Today, my father is 70 years old and he is still busy serving in the house churches as a doctor and a volunteer pastor. During the morning, he receives patients, and in the afternoon and evenings – three or four times each week – he preaches the Gospel. I thank God for him, and for my husband, a former Communist Party member and a student in the early 1980s who suffered political persecution – whom He also saved. While my husband had been seeking after truth for more than 10 years, he finally found it when he converted to Christ following the June 4, 1989, confrontation in Beijing’s Tiananmen Square.
As we shared the Gospel with our friends at home, many said, “I know you have faith, for when you talk about your God, your face is shining. But you don’t have knowledge; you can’t convince me.”
Not long ago, feeling the urgency to receive training in evangelism and apologetics, we came to study at graduate school in a seminary in the U.S. To accomplish this, God amazed us by leading us out of China in much the same way He led Moses out of Egypt. The miracles and grace He shined upon us during our two-year exodus are too abundant to recount in this space, but I will always remember them in my heart.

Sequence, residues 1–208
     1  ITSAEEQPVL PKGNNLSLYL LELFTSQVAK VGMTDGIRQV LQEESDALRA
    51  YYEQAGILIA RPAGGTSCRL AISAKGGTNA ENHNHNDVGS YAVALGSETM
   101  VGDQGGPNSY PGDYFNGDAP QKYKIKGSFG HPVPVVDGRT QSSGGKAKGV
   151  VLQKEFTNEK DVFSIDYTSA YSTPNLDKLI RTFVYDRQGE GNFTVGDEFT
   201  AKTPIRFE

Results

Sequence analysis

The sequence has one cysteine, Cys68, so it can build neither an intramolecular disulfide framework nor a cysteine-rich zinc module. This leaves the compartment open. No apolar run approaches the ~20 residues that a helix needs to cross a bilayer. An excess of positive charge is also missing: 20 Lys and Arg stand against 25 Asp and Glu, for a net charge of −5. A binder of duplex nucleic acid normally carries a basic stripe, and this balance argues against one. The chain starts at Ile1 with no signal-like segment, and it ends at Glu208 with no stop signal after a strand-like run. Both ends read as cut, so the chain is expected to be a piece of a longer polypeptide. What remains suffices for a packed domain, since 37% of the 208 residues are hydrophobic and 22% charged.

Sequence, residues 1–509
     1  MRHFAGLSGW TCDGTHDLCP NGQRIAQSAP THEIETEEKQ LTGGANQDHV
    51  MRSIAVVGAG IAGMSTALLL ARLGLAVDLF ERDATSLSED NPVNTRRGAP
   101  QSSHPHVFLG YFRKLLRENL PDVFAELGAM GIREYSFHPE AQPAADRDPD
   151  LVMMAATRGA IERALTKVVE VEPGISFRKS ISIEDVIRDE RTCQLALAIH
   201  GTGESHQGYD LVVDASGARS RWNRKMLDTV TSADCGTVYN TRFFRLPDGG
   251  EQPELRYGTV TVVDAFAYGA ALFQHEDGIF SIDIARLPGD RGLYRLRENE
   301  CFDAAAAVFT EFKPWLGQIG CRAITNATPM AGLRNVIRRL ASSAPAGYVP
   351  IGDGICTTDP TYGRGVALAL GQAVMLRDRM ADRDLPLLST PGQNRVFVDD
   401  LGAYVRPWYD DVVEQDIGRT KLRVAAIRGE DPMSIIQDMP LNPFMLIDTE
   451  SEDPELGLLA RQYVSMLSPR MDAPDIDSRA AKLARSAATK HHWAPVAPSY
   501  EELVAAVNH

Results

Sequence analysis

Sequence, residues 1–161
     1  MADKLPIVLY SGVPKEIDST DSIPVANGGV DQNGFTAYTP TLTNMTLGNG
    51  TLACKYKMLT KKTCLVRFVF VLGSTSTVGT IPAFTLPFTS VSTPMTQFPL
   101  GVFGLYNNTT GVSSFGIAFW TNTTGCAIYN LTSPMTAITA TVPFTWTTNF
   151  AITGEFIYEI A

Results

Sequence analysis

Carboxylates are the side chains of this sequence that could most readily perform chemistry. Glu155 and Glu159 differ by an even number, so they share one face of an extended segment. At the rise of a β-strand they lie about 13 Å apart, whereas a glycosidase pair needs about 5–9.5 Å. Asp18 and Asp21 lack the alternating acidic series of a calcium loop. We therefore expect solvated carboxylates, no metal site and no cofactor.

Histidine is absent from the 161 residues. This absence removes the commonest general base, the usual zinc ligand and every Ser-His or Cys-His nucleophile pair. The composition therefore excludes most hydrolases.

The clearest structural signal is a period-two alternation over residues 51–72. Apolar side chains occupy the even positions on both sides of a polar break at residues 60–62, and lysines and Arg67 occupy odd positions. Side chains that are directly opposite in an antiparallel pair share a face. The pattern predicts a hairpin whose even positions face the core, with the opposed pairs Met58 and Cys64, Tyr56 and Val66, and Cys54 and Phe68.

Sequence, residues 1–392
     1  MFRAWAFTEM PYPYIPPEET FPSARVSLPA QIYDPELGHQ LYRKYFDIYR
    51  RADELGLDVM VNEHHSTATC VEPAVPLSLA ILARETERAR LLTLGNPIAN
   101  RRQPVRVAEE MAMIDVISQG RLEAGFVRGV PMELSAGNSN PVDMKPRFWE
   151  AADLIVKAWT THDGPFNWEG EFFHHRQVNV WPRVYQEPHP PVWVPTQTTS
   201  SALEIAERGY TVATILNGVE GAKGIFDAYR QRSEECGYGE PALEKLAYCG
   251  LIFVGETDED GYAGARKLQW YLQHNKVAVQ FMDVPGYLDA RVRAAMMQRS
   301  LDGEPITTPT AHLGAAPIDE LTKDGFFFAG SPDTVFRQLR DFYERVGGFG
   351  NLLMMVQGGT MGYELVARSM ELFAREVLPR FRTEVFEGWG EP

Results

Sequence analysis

In 1991, we finally arrived at school. Since arriving, God has given me a great dream of establishing, upon my return to China, a church and Bible institute like this, which is why I enrolled in the education doctorate program after graduating. My husband also has a great burden – in his case for intellectuals in Chinese colleges. As I struggle with my classes and dream about the future of such a Chinese Bible institute, my husband has begun to write biblical literature for these Chinese intellectuals. We know that God has called and prepared us to return to China to serve Him there. And we know that God will send us back in the same way He led us here.
When I visited China last summer, I found many friends still suffering and struggling for warmth and food, and searching for the meaning of life.
“We Chinese are not human beings,” one youth told me in great despair. “We are just like ants. Who cares if we die? Maybe there is a God, but He does not seem to care for the Chinese people.”
The fact is, God does care for the Chinese! There is a great need in China. God is meeting that need of the Chinese people.
*not her real name